3. Repeat the process for the second sandwich.
4. Heat a skillet over medium heat. Place the sandwiches on the skillet until the bread is golden and the cheese melts. Flip the sandwich to cook on the other side.
5. Slice and enjoy!

Image

As someone who doesn’t cook much (indeed, growing up, my brothers tended to cook more, while I washed the dishes), I am somewhat amused that people who peruse this blog check out the one and only recipe I’ve ever posted — the one on corned beef pasta. Either there is a mad love for corned beef out there (entirely plausible) or people who know me can’t believe I actually bestirred myself to prepare something that involves a stove (again, entirely plausible).

Anyway, this sandwich is great for a light dinner or for weekend lunches — or as a snack. All in all, from making the caramelized onions to grilling the sandwiches, it takes one hour to prepare. But if you cook the onions ahead, this can be assembled in 20 minutes.

Lessons from doing this:
1. Should have sliced the onions even thinner so they cook more evenly.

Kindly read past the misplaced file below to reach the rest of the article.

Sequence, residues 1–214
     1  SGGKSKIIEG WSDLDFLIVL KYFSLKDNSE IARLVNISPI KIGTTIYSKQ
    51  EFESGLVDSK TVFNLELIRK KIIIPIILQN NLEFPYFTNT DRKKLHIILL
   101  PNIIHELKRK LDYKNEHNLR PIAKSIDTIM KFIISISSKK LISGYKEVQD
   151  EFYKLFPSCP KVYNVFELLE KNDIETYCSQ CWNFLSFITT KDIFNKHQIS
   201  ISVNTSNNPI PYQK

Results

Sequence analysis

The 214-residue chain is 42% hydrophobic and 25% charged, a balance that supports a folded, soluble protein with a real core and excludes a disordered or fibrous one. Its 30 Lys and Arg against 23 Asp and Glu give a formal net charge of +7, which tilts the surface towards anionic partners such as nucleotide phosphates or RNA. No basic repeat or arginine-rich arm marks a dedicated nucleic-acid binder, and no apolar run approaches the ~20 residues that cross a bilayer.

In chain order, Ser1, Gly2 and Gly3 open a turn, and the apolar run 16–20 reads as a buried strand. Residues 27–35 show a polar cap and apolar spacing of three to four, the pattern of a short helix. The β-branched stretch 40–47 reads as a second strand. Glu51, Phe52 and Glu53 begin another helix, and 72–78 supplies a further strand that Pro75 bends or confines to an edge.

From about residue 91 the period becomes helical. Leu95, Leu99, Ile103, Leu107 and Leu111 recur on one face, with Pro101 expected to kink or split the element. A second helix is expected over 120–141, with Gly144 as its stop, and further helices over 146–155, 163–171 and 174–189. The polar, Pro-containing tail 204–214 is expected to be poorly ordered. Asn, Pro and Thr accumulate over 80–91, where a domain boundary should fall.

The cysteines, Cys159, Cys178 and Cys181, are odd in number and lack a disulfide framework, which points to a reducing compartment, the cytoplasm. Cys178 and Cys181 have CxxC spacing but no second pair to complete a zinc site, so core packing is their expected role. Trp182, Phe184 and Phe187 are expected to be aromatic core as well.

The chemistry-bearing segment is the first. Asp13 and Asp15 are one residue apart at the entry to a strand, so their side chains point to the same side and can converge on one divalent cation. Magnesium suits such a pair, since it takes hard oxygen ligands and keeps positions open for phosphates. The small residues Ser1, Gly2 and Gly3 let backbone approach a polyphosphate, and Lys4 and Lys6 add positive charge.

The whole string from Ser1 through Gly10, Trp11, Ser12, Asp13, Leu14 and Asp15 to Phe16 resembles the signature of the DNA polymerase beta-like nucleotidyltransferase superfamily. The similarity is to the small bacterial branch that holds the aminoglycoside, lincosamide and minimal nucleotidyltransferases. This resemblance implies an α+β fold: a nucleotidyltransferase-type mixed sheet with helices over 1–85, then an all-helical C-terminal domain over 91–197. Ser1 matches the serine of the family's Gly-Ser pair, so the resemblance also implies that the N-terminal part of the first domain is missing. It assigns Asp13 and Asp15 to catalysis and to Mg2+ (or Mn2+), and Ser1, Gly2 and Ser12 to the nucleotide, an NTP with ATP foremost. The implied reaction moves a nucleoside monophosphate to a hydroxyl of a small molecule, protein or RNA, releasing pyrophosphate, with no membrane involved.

2. To balance the flavorful caramelized onions, use a strong flavored cheese, otherwise the onions might overpower the whole sandwich.
3. It would be interesting to try this with kale — as in the original recipe.*
4. Because of the components, you need a thicker-sliced bread.
5. Make sure the skillet is really hot when you grill the sandwich so the cheese melts.

I based the recipe on the one featured in A Cup of Jo. Click on the link for the original version of the recipe and the more photogenic sandwich. 😉

A phone conversation

I lost my phone yesterday. I might have left it in the cab when I got out because I was in a hurry, or it fell off my bag. I don’t know. Bottomline, it was gone. I guess Fate took a hand in my dithering decision-making because I was really planning on getting a new phone anyway. The loss just sped up the process. Still, losing the one I did have was a shock to the system. Spent most of the day yesterday phoneless and here’s what I realized: